It would nevertheless be a shame if this recording were pigeonholed among the Dublin versions, for it has a good deal to offer any Messiah listener. Billed as an uncut, historically informed performance, this recording becomes, in the hands of conductor Jürgen Budday, a nice fusion of the immediate feel of the best historical performances (aided by fine live engineering in the impressive, sonically clear spaces of Germany's Maulbronn Monastery) with a rich, more conventional sound from a good-sized German choir, the Maulbronner Kammerchor.
Budday gives the soloists a chance to stretch out in the recitatives. Collectively the performers capture the different strands of Handel's experience - operatic, English Protestant, solo-oriented, and instrumental - that he brought to bear on this magnificent work, and they produce a rich Messiah of unusually strong impact. The live recording has a few flaws, but they are more than overcome by the edge thus generated. Notes are in German and English, the text is in English.

Review by James Manheim - All Music Guide, allmusic.com

Review

***** Absolutely the finest rendition

I am nearly 60 years old and have heard countless versions of Handel's "Messiah" since I was a boy. Recently I decided to purchase the best recording I could find for MP3 use. Wanting the version most faithful to Handel's baroque style, I easily eliminated most of the recordings I "auditioned" due to the overuse of orchestration, usually performed by unauthentic modern instruments. I also did not want to listen to any more wobbly warbling of soloists who seemed to be more intent on overpowering the listener than on communicating the divine message of the scripture text. Nor did I wish to hear any more sloppy choral performances that muddy the words because of the choir size and poor attack.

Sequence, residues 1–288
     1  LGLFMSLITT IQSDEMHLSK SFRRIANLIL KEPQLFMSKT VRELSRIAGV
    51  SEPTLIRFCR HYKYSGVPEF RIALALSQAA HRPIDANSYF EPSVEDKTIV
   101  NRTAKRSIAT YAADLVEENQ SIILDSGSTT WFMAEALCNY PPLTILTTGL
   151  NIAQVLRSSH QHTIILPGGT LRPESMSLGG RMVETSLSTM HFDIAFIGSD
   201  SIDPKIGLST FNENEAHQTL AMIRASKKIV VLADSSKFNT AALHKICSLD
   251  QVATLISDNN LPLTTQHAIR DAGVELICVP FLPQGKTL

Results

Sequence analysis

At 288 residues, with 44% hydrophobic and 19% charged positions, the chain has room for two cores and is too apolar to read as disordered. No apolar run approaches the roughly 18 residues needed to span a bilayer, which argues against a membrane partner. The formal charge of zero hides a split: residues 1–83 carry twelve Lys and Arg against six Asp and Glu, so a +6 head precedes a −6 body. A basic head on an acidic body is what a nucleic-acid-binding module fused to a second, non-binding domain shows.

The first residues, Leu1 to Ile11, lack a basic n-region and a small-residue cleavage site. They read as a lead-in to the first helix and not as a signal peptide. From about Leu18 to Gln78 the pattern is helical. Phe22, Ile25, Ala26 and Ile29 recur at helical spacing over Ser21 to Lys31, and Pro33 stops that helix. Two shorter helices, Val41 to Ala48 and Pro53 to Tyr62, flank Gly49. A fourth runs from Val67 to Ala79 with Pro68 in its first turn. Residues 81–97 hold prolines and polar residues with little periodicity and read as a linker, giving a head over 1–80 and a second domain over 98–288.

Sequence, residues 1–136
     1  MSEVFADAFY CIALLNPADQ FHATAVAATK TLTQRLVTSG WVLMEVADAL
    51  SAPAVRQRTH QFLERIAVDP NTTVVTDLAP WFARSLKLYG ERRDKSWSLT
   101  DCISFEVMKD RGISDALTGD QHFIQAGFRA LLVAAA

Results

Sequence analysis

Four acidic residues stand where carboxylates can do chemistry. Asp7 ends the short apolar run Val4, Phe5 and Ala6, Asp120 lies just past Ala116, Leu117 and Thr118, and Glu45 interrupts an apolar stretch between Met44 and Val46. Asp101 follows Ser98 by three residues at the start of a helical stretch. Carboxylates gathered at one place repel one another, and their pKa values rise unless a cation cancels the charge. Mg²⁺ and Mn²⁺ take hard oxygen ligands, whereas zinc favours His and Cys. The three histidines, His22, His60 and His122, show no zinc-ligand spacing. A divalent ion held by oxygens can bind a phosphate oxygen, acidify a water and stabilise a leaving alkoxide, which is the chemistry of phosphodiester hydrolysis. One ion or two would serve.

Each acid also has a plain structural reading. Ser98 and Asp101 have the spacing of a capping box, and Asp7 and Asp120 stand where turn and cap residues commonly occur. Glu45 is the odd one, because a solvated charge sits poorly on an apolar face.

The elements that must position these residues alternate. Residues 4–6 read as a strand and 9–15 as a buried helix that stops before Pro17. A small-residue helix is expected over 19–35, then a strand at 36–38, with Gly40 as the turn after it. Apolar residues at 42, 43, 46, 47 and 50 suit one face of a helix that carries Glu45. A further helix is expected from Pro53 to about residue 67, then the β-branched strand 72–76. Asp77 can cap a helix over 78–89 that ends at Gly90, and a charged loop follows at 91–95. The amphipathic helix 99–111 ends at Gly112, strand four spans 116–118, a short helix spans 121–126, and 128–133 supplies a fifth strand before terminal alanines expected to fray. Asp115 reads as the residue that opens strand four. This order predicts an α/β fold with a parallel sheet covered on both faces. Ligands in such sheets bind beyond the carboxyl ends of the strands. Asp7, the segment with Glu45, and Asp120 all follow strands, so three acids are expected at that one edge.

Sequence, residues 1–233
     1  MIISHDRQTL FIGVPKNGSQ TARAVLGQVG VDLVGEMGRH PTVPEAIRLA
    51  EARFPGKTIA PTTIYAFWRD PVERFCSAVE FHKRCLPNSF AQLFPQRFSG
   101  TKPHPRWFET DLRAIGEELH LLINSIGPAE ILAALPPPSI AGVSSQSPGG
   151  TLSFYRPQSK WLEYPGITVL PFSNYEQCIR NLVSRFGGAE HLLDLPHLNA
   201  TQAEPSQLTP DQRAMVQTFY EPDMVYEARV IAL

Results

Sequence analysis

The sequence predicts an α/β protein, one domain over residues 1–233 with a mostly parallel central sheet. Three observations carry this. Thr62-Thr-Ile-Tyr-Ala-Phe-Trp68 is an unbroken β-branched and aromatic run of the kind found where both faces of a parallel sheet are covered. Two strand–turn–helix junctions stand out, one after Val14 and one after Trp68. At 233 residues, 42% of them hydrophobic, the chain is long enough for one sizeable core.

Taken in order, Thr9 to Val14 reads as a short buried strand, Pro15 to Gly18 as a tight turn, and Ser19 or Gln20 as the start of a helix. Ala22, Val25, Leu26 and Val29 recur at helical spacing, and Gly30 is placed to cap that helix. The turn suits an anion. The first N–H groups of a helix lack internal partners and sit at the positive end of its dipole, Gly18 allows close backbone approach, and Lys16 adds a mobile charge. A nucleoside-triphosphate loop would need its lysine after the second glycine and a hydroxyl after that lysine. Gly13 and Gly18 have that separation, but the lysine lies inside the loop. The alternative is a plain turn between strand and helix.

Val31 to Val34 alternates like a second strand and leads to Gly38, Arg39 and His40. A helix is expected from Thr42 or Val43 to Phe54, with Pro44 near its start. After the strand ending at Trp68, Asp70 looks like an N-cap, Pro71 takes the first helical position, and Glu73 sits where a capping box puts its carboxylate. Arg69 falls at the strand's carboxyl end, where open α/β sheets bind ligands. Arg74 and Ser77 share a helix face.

I had heard other recordings done with "authentic" or "antique" instruments, some of which are fine, but usually one or two of the soloists have left me disappointed. This version has satisfied every one of my wishes. Where have they been hiding? It is totally delightful, and I have no complaint. I can only hope that more persons will become aware of this recording and add their two bits of comments. If you are one of those persons who enjoys heavy vibrato and heavy orchestration, you might not appreciate this fine Baroque recording. But if you are tired of the same old..... then by all means, give it a try. It is refreshing!

'Monergistic Reader' on Amazon.com

Review

***** Superlative

I've heard many, many versions of "Messiah" in my short 27 years, and this is by far the best. One need only listen to the "Hallelujah Chorus" to appreciate this recording - it is at once intimate and majestic. The restraint that the choir demonstrates in the beginning is remarkable, considering that that chorus is normally an unwieldy, overwhelming, incomprehensible mess. It's not lacking for majesty and bombast, but it's there at appropriate places.

'Dweeb' on Amazon.com

Review

***** A clear, beautiful, authentic Messiah

An absolute gem of a Messiah. Definitely in the stream of the great "authentic" recordings of the work (like Christopher Hogwood's fantastic recording so many years before), this one makes the most of a small orchestra and chorus. The performances are all wonderfully beautiful, from the orchestra and the crystal-clear soloists to the all-male choir. There is an elegant restraint shown in this recording that sets it apart, even amongst some of its contemporaries in the authentic-arrangement camp; This is particularly notable in "Hallelujah". Don't confuse elegance and restraint for dull and boring, however. It is anything but that. This version transports the listener. The sound quality is pristine and, recorded live in concert in a large church, captures the wonderful resonance that atmosphere uniquely provides. This is a lesser-known Messiah that stacks up well against other, more noted performances.

Jacob A. Davis on Amazon.com